The Critical Path - June 2006

Thursday, February 11, 2016 The Critical Path, December 2006   VOLUME 1 ISSUE 2  

-40+ years Experience

-Engineering, Architecture, & Construction Consulting Services

-Expert Witness Testimony

-Dispute Avoidance & Resolution

-Forensic Engineering

-Forensic Project Management (FPM®)

-Time Impact Analysis (TIA®)

-Capital Project Management Systems (CPMS®)

Topic List
From the Editor
From the Chair
State Case Notes
Federal Case Notes
Feature Articles
From the Editor

In this issue we have Federal case notes from the United States Court of Appeals, Second Circuit and Seventh Circuit, and from the Supreme Court for the State of Kansas.  We are featuring three articles, one of which was published in the Fall 2006 edition of In House Defense Quarterly, and the other was published in the October edition of the Virginia Bar monthly magazine.  Both authors graciously gave their permission for these articles to be reprinted.  We felt these two articles were worth a reprint to a wider readership.

From the Chair

by C. William Daniels, Jr.

Happy Holidays!!  We hope this edition of the Critical Path finds you, your family, and your firm healthy and looking forward to a prosperous 2007.  This edition of The Critical Path is another fine collection of articles compiled by our many fine authors and editorial staff.

State Case Notes
Breach of Contract does Not Constitute Violation of Texas Deceptive Trade Practices Act (DTPA)
by Julie S. Elmer

Mays v. Pierce, --S.W.3d--, 2006 WL 2729684 (Tex. App.-Hous. (14 Dist.) Sept. 26, 2006)

This case involves a mold remediation gone awry, and is part of the new wave of litigation against mold remediation contractors. 

In 2001, Connie Pierce contracted with Edward Mays d/b/a Pro-Tech to perform work on her home.  The contract described the scope of work as “mold and water remediation/restoration of contents and structure.”  Pro-Tech arranged for mold testing of Ms. Pierce’s home and told her after the results revealed toxic mold that she and her daughter should leave the house immediately.  Ms. Pierce followed this advice and moved into a motel without packing any of her belongings.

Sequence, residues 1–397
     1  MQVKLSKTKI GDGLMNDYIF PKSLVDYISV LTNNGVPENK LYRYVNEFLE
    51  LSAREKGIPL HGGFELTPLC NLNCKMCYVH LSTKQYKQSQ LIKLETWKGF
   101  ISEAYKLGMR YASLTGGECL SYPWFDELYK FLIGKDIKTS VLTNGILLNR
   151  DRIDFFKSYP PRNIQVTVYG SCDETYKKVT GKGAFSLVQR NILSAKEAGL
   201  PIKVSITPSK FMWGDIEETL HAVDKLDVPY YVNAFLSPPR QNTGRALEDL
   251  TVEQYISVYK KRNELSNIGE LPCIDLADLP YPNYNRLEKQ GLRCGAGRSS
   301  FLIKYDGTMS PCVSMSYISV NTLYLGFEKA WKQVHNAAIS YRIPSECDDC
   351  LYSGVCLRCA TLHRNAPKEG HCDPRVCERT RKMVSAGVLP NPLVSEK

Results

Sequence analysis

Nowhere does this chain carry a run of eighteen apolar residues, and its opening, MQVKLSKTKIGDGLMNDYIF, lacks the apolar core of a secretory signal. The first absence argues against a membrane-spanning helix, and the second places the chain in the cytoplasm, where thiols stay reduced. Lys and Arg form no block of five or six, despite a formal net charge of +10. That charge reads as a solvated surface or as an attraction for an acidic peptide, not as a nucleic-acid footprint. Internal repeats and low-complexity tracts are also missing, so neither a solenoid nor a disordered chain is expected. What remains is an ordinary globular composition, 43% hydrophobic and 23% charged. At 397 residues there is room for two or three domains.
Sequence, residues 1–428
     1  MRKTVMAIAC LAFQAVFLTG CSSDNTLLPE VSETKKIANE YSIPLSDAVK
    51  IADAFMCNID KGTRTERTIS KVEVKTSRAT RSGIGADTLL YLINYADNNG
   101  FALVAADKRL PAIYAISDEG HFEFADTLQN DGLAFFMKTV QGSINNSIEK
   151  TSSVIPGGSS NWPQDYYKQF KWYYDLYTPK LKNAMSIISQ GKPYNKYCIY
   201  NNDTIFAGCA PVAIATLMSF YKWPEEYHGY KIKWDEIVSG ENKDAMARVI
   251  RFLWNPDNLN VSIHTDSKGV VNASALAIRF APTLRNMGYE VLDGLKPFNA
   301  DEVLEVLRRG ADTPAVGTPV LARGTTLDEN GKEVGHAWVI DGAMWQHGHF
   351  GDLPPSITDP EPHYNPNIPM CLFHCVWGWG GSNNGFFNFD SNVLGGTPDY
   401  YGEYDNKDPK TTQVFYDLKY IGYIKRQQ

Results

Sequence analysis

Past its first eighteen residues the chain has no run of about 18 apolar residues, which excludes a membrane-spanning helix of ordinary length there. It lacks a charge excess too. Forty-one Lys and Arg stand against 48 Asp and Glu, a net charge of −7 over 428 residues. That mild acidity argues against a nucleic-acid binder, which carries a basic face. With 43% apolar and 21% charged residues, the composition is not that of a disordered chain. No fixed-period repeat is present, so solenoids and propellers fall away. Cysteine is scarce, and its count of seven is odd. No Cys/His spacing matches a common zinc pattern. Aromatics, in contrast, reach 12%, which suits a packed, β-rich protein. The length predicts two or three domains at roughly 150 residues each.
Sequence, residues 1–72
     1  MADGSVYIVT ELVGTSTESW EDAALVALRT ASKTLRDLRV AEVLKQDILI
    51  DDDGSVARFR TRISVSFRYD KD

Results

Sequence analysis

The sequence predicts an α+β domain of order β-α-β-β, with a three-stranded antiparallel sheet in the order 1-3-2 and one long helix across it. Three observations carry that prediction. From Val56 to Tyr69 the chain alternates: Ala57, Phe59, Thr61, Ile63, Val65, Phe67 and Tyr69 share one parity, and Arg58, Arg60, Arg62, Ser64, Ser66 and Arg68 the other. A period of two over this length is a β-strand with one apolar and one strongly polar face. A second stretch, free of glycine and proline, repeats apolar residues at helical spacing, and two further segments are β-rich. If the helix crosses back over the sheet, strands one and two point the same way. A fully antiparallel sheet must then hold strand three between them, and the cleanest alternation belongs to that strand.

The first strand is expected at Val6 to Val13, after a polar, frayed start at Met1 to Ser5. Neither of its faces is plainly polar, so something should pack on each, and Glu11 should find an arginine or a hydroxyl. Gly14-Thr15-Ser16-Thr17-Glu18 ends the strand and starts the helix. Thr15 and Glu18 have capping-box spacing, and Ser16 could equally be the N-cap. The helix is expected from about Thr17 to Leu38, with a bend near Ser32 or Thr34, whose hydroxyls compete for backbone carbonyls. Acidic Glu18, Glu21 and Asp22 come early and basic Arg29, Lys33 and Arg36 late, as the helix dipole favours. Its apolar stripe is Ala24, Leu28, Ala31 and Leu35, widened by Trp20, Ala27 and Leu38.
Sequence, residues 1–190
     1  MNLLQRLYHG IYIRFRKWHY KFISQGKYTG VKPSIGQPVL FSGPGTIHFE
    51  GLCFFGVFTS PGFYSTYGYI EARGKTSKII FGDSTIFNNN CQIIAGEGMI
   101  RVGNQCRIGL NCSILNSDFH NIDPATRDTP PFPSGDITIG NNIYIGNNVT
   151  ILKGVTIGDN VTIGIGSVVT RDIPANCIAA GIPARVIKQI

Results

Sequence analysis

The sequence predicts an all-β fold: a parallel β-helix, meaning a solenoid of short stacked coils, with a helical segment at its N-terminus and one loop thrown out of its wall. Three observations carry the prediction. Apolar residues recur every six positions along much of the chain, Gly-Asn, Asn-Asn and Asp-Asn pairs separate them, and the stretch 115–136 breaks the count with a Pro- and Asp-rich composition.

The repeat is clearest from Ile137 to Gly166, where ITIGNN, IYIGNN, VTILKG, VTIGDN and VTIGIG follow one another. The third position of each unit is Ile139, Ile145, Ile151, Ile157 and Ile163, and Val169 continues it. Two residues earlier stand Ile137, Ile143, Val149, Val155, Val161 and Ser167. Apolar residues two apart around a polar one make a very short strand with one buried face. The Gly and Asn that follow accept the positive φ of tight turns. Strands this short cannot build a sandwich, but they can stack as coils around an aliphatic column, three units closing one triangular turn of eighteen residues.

Federal Case Notes
Fall Federal Case Notes
by Catherine L. Schnaubelt

Murdock & Sons Construction, Inc. v. Goheen General Construction, Inc., 461 F.3d 837 (United States Court of Appeals for the Seventh Circuit August 17, 2006). 

The United States Court of Appeals for the Seventh Circuit recently affirmed a decision by the lower court that a subcontractor was not entitled to an extension of time to complete work under the terms of a contract.  The underlying lawsuit involved the subcontractor, Murdock & Sons, requesting a “claim of constructive acceleration,” which arises when the owner requires the contractor to adhere to the original performance deadline in the contract even though the contract provides the contractor with periods of excusable delay that entitle the contractor to a longer performance period.

Feature Articles
Tips for Defending the Masonry Contractor
by Robert R. Foos

Here in the Midwest a masonry contractor’s primary cause for concern is water infiltration resulting in allegations of toxic mold growth.  Anytime a brick veneer structure is alleged to have a water infiltration problem, the masonry contractor is sure to be a target because water first must infiltrate the brick veneer before it can do any damage inside the walls of the structure.  An attorney not experienced at handling masonry construction claims may not understand that water is going to get behind brick veneer regardless of how well the mason completes his job.  So, the real question becomes: “What happens to the water after it gets behind the brick?”

A Saga of Condos, Courts and Coverage
The Wisconsin Peregrinations of Construction Defect Litigation and the Economic Loss Doctrine
by Michael F. Aylward

Since the 1990s, the boom in new housing, especially in the West and Southwest, has given rise to a parallel surge in construction defect litigation.  With such claims has come a demand for insurance coverage that CGL carriers have resisted for the reason, among others, that claims for breach of contract based on an insured’s failure to perform as promised should not be an insurable “occurrence.”

Special Offer

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• General acceptance
• Reliability of foundation
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The Critcial Path, June 2006
June 9, 2006
Vol. 1 Issue 1
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